It may still be ski season, (as evidenced by my ski team racing at the Eastern Highschool Championships last weekend), but I forsook the fun thing to do in the snow and chose to go orienteering instead, down in Philadelphia, at the DVOA Fox Chaser event. The snow followed me down, with six inches waiting for me at the Philly airport by the time I got there, but luckily travel wasn't too badly affected, and I found the people I needed to and got myself ready to go run... in the snow. The Delaware Valley Orienteering Association did a fantastic job with the meet, as I expected, though I would have preferred if they could have had slightly closer communication with their local weather gods. I'd hoped to go south and run on some soft ground, for the first time all winter. Well, it was soft, anyway.
The first day was somewhat unremarkable. Having not been on an orienteering map since November, my goal was to just read the map a lot, and see which processes still came naturally versus those that needed more thought. The snow was nice in that it simplified the navigation, both in terms of slowing down my running and in providing a low-pass filter over all the noise that's normally obscuring the shape of the land. The vegetation in Ridley Creek State Park appeared to be mostly thorny, which meant that much of the route choices would be about ways to avoid bashing through the thicker parts of the forest.
Out of the start I found myself flowing nicely, and the map made sense to me. Sweet! I was having a little trouble believing what my compass was telling me, but luckily reading the terrain kept me heading in the right direction. Controls kept popping up ahead of me where I expected them, and this was pretty fun. The snow made for tough running, though, and I felt like I was totally gassed. For the amount of effort I was putting out, I really wasn't making very good forward progress, and I knew this was largely due to all of my winter training miles being on pavement or ice. Damn.
We had a couple legs traversing the northern section of the map where I kept popping out to the same wide trail of slippery death, and every time I hit the trail I was reminded how freakin' tired I was. Not how you want to feel the weekend before a race that actually matters. By the time I'd finally heaved my wheezing carcass up the slope to the finish field, I couldn't even manage to up the pace for the finish. Looking at splits, attackpoint thinks I made a 6-second error running to the finish! That's not good... Luckily, this was because I had run so hard everywhere else in the course, and not just that I'm in terrible shape, because I ended up besting my teammate Kseniya by nearly two minutes, and was fourth among the men, beating some who I haven't before. At least all that effort paid off, but I was worried about the fatigue I'd carry into day 2.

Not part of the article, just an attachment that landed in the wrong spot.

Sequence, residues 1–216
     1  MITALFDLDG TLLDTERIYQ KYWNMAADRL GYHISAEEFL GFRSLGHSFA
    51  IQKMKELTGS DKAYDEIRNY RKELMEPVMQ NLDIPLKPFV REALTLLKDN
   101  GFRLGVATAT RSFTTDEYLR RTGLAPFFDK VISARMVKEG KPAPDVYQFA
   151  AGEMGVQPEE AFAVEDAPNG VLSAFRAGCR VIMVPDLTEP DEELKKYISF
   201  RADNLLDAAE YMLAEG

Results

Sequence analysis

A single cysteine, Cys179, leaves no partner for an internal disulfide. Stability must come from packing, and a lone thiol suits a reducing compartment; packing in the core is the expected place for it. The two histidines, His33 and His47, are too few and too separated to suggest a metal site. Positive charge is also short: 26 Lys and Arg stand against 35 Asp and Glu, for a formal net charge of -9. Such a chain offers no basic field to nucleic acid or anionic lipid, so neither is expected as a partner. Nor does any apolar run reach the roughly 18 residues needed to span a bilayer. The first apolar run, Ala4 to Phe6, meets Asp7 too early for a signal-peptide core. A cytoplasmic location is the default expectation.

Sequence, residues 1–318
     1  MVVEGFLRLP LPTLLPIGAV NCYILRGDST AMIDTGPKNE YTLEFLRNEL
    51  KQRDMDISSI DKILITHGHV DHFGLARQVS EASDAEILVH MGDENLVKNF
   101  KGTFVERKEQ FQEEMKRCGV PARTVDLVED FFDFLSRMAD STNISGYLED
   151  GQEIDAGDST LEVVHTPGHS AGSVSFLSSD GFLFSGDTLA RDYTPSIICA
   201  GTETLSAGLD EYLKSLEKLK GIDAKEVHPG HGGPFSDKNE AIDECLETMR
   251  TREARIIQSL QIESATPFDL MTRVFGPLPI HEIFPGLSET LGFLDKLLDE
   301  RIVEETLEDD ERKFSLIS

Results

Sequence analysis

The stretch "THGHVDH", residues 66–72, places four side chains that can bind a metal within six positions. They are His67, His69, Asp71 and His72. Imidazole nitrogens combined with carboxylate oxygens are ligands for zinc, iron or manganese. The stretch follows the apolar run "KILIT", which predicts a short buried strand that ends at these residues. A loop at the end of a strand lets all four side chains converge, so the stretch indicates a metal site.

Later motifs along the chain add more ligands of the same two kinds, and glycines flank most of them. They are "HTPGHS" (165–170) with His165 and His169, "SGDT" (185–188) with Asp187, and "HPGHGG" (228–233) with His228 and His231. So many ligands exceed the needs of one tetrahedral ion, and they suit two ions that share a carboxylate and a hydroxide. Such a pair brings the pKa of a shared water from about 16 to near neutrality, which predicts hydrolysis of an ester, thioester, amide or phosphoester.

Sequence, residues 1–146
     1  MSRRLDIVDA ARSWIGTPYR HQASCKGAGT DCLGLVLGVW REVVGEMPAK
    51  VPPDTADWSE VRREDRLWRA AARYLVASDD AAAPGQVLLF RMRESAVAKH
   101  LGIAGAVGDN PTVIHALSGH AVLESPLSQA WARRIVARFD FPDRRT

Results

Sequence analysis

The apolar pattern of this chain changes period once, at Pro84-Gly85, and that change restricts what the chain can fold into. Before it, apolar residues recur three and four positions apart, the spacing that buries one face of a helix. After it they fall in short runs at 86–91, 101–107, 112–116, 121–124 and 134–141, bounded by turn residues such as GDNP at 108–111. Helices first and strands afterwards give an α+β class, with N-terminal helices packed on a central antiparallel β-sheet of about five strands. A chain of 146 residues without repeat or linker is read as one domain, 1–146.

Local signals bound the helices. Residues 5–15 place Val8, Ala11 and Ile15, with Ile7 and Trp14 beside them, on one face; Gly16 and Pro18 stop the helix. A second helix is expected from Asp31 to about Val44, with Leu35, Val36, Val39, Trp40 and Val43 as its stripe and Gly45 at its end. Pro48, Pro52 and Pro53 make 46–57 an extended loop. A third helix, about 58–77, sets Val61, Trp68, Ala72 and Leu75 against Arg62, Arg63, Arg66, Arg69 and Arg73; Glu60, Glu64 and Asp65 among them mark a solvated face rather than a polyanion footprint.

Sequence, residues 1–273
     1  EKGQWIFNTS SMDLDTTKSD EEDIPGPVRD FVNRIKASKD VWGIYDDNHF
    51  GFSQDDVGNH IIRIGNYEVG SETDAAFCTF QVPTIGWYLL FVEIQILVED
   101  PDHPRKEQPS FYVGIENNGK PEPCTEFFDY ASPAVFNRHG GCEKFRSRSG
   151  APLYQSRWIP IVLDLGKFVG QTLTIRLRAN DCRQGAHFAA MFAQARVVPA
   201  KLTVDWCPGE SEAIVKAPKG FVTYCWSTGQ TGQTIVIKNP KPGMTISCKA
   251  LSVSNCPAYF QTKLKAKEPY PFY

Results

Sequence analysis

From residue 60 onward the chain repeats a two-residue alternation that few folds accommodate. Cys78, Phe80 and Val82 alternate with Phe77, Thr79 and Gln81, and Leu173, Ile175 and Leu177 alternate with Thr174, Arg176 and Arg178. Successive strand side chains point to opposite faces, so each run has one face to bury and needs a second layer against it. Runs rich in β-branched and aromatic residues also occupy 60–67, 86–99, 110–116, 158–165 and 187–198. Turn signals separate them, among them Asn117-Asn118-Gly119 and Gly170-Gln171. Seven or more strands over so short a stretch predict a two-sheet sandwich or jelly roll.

Sweet sunglasses. Thanks to the meet sponsor Brandywine something-or-other for my new look.
I was hanging out with Boris and his new dog, Barney, for most of the weekend. I miss having a beagle in my life, and this was a good dose of beagle for me!
As soon as I started running, I could tell that I didn't have the oomph I wanted. I tried to find the steady hard pace I'd tapped into yesterday, but my navigation was shakier, and I was letting other people on other courses mess with my concentration. I dropped over two minutes in mistakes, and despite having a pretty good final 10 minutes, compared to Kseniya, in the end it didn't matter, because I went to the men's control 2, not my control 2. This is a pretty crucial part of this game - go to all the controls, in order, and the fastest person to do that trick wins the race. I had checked the control code, but clearly I then forgot it, because I thought that the code I saw at the men's control 2 was my code. I was pretty frustrated by this, because it's one thing to lose a race because your competitors were faster; it's a totally different situation to take yourself out of the race. Kseniya would have beaten me fair and square on day 2, but in the woulda-shoulda-coulda world, I would have taken the overall title by something like 30 seconds. Except, we don't live in the woulda-shoulda-coulda world.
I'm trying not to let the mispunch rattle me too much - get the mistakes out of the way this weekend, because next weekend is the US Champs (yes, a mere five months after the 2014 US Champs), and the US Team selection races for the 2015 World Orienteering Championships. I'm not feeling very ready, but not much I can do other than keep my attitude positive, and come into the weekend nice and rested.
I spent most of the winter running on surfaces like this. Not uneven forest floor! Thanks to Julie's husband for showing up to the track and taking photos of the CSU runners. It's the second winter in a row I've run these workouts, and the second winter in a row where I'm so incredibly grateful that I did run track, because with all the snow it's pretty much the only way to get going fast.
I found a beagle! Can I keep him?